[cnn-photo-caption image=http://i2.cdn.turner.com/cnn/2008/images/09/05/art.heart.band.cnn.jpg caption="Ann and Nancy Wilson of Heart. "]ST. PAUL, Minnesota (CNN) - Blasting through the Republican convention hall is the 1977 hit "Barracuda" by rock band Heart.
It's a shout-out to Sarah Palin. When she played basketball in high school, the soon-to-be Republican vice presidential nominee earned the nickname "Sarah barracuda" for her fierce competitiveness.
Some of her opponents revived the "Sarah barracuda" nickname after she became mayor of her hometown, Wasilla, in 1996, defeating a three-term incumbent.
UPDATE: Ann and Nancy Wilson of Heart said Thursday night that Universal Music Publishing and Sony BMG have sent a cease and desist notice to the McCain-Palin campaign over their use of 'Barracuda.'
"We have asked the Republican campaign publicly not to use our music. We
hope our wishes will be honored," the group said in a statement that said they "condemn" the use of the song at the Republican convention.
[cnn-photo-caption image= http://i2.cdn.turner.com/cnn/2008/POLITICS/09/04/rnc.day/art.mccain.ap.jpg caption="Sen. McCain said Thursday that he's ready to lead the Republican ticket."]
ST. PAUL, Minnesota (CNN) - John McCain vowed Thursday to "shake up Washington" and said he's prepared to reach across the aisle to get the country "back on the road to prosperity and peace."
"We need to change the way government does almost everything," he told the Republican National Convention.
"Fight with me. Fight for what's right for our country. Fight for the ideals and character of a free people."
He said his running mate, Alaska Gov. Sarah Palin, is "just the right partner" to help lead the change.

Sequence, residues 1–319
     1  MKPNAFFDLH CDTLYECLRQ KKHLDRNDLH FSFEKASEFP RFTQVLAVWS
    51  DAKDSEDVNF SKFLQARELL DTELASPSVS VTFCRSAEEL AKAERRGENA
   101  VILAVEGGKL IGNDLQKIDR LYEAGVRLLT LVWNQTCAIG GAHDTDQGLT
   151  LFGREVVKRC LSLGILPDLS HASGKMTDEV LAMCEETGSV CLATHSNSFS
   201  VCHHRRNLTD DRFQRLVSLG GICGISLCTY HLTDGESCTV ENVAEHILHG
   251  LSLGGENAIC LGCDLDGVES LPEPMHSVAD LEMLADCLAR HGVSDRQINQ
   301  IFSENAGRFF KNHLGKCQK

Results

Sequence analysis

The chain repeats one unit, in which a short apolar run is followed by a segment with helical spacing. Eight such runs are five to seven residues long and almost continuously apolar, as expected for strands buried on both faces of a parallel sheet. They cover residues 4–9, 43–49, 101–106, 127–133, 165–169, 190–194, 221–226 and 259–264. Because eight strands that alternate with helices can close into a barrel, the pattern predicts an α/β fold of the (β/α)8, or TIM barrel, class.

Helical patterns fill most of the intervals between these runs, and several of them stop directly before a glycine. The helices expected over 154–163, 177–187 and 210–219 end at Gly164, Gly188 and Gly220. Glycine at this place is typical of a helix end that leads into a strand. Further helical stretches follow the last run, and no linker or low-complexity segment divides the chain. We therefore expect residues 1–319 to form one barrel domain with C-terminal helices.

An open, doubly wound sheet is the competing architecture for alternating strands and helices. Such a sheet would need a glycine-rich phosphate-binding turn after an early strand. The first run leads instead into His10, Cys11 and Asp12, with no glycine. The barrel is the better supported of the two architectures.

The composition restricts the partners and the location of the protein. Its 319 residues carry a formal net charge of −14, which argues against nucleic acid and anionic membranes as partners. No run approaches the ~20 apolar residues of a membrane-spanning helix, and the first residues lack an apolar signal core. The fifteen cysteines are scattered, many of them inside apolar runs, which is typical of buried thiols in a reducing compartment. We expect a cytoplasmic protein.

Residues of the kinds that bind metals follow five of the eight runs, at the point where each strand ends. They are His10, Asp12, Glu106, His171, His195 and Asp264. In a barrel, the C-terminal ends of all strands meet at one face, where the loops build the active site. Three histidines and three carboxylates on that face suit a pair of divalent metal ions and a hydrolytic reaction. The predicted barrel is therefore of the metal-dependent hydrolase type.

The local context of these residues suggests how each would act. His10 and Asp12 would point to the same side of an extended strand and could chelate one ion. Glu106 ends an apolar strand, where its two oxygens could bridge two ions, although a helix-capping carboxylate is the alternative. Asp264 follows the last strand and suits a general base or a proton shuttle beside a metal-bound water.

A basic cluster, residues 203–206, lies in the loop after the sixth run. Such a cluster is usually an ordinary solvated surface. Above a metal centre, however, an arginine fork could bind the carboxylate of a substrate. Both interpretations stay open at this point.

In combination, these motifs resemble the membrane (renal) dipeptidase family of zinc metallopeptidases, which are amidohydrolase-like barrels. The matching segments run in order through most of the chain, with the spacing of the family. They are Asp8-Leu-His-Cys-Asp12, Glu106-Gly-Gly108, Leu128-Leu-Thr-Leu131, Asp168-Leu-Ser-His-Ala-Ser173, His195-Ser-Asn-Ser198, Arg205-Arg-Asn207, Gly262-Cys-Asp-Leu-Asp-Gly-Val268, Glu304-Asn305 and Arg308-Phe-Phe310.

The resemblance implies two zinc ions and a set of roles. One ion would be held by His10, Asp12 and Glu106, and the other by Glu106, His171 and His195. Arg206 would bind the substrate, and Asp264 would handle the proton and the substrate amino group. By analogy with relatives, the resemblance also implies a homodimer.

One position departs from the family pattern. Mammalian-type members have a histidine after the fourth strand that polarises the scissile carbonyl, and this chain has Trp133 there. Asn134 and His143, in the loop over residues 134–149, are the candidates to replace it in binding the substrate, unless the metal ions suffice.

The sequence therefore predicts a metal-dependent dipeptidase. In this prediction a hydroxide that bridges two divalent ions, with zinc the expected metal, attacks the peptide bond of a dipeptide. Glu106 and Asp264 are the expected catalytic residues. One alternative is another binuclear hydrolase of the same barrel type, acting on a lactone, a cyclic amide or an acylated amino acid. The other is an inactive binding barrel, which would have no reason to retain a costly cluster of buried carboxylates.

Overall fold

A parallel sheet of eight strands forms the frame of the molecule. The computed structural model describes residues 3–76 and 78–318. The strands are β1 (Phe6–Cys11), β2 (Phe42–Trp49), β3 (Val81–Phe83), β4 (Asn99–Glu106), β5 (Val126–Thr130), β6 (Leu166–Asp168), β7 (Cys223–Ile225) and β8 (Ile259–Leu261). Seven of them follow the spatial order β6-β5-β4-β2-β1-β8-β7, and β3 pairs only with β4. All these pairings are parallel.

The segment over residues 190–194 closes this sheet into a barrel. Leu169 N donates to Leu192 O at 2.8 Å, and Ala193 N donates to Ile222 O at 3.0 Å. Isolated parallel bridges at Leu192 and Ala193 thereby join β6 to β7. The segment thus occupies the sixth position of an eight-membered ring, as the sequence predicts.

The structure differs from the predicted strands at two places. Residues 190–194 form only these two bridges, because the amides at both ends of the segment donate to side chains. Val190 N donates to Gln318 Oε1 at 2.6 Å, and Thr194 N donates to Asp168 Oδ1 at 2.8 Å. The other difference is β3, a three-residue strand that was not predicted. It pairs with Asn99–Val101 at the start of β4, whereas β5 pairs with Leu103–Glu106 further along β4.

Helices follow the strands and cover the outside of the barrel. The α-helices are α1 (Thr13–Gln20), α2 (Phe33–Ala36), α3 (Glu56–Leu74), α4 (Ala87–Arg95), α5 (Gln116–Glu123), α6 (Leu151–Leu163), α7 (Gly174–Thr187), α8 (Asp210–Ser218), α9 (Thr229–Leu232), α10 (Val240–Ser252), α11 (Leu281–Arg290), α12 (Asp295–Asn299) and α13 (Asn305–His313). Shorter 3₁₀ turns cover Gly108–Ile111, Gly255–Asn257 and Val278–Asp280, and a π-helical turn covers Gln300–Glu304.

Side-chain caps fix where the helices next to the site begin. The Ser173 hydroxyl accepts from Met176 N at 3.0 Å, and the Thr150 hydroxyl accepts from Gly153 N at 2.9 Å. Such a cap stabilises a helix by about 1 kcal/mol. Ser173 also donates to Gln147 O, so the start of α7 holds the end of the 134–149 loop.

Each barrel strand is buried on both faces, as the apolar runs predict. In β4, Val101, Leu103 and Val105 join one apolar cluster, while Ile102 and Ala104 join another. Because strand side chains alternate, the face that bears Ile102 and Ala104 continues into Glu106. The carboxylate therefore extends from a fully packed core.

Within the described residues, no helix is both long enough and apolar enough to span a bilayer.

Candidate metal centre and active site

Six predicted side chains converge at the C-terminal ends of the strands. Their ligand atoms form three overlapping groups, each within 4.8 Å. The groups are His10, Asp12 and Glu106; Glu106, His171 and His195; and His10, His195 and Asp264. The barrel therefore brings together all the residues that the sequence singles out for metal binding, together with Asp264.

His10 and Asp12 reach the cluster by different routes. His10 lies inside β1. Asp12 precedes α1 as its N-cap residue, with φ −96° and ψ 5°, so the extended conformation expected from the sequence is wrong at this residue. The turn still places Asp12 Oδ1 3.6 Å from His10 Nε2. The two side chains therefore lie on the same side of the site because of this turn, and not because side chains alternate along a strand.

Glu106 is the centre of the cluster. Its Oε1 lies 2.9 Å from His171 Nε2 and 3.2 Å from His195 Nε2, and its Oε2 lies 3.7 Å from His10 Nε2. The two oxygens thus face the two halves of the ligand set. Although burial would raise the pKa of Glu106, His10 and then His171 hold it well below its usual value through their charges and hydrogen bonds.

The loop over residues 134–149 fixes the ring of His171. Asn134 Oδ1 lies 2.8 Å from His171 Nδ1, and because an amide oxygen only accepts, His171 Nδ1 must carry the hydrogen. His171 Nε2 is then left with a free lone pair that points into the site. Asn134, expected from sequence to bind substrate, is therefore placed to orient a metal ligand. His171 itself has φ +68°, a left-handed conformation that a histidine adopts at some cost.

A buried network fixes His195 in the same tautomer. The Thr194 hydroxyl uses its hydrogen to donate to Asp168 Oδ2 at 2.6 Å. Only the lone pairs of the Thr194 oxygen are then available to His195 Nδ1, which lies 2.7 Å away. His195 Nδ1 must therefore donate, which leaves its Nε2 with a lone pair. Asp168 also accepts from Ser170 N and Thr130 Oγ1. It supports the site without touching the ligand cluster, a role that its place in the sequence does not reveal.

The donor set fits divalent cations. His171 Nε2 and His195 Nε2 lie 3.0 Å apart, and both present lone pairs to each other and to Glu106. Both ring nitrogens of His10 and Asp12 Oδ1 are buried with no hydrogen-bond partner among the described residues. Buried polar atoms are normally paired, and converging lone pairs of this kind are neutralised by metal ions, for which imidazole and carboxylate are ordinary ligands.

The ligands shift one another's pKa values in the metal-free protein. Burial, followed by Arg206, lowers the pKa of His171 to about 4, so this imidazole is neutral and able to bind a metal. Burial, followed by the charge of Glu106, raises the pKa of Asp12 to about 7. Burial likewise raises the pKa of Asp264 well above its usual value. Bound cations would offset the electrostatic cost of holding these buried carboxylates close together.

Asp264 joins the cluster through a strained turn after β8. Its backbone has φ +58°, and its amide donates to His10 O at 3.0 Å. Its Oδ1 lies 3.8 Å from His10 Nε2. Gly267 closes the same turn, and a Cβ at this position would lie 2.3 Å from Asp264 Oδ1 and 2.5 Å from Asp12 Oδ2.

"She's tackled tough problems like energy independence and corruption," he said. "She stands up for what's right and she doesn't let anyone tell her to sit down."
He added, "Let me offer an advance warning to the old, big-spending, do-nothing, me-first, country-second Washington crowd: Change is coming."
[cnn-photo-caption image= http://i2.cdn.turner.com/cnn/2008/POLITICS/09/05/schneider.speech/art.schneider.cnn.jpg caption="Schneider: McCain's tribute to Bush was risky."]
Bill Schneider has covered political conventions for more than 30 years and has covered them for CNN since the 1992 election.
ST. PAUL, Minnesota (CNN) - It's odd to present yourself as a maverick to the most partisan audience imaginable, as John McCain did Thursday night.
But the real audience wasn't sitting in the Xcel Center this evening to watch the Arizona senator accept the Republican Party's presidential nomination; it was the independents at home looking for a reason to vote for him.
It wasn't that long ago that McCain was the Republican most admired among Democrats. He retains some residual popularity with Democrats and particularly independents.
But some of that glow has faded.
He's certainly doing his best to regain some of that luster. He didn't talk much at all about divisive social issues: a brief reference to his support for life, no talk of gay issues, a brief reference to judges that don't legislate from the bench but no extended focus on social issues. That's not the core of his agenda.
But in a moment sure to be featured in campaign ads from now to November, he paid tribute to the sitting Republican president, George W. Bush. A risky move.
[cnn-photo-caption image= http://i2.cdn.turner.com/cnn/2008/POLITICS/09/04/mccain.speech/art.mccain.cnn.jpg caption="Sen. McCain said Thursday that the 'do-nothing' Washington crowd is in for a change."]
ST. PAUL, Minnesota (CNN) - John McCain accepted the Republican nomination for president Thursday night "with gratitude, humility and confidence" as thousands of delegates chanted his name.
"Let there be no doubt, my friends, we're going to win this election," he said.
In a speech before a giant screen showing an American flag waving against a blue background, McCain promised to put the people first.
"I understand who I work for. I don't work for a party. I don't work for a special interest. I don't work for myself. I work for you," he said, to cheers from the crowd.